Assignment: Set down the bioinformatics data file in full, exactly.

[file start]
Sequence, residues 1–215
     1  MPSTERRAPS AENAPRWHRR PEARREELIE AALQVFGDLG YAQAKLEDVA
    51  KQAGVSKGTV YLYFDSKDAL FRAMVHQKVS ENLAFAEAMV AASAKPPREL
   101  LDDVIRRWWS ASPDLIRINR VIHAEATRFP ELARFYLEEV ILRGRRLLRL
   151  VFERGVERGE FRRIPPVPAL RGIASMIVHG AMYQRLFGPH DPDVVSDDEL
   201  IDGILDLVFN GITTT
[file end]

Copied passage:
Sequence, residues 1–215
     1  MPSTERRAPS AENAPRWHRR PEARREELIE AALQVFGDLG YAQAKLEDVA
    51  KQAGVSKGTV YLYFDSKDAL FRAMVHQKVS ENLAFAEAMV AASAKPPREL
   101  LDDVIRRWWS ASPDLIRINR VIHAEATRFP ELARFYLEEV ILRGRRLLRL
   151  VFERGVERGE FRRIPPVPAL RGIASMIVHG AMYQRLFGPH DPDVVSDDEL
   201  IDGILDLVFN GITTT